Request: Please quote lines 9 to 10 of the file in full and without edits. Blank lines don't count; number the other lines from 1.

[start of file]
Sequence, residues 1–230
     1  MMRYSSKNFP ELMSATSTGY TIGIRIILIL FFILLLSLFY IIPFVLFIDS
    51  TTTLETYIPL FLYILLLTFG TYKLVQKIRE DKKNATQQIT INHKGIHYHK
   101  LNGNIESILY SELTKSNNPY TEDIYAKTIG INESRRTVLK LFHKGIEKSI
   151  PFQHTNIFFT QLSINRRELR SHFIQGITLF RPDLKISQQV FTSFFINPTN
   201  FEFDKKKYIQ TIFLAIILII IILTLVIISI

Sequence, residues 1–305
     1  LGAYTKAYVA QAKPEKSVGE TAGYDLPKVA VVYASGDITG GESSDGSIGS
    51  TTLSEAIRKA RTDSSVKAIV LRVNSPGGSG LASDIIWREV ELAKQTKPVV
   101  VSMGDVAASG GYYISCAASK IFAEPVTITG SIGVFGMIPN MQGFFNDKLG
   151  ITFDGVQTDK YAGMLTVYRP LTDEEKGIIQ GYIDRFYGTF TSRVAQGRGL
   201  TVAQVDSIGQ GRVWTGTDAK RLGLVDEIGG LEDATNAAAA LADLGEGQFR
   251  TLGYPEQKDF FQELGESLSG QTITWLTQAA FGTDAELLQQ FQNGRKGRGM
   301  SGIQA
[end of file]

    51  TTLSEAIRKA RTDSSVKAIV LRVNSPGGSG LASDIIWREV ELAKQTKPVV
   101  VSMGDVAASG GYYISCAASK IFAEPVTITG SIGVFGMIPN MQGFFNDKLG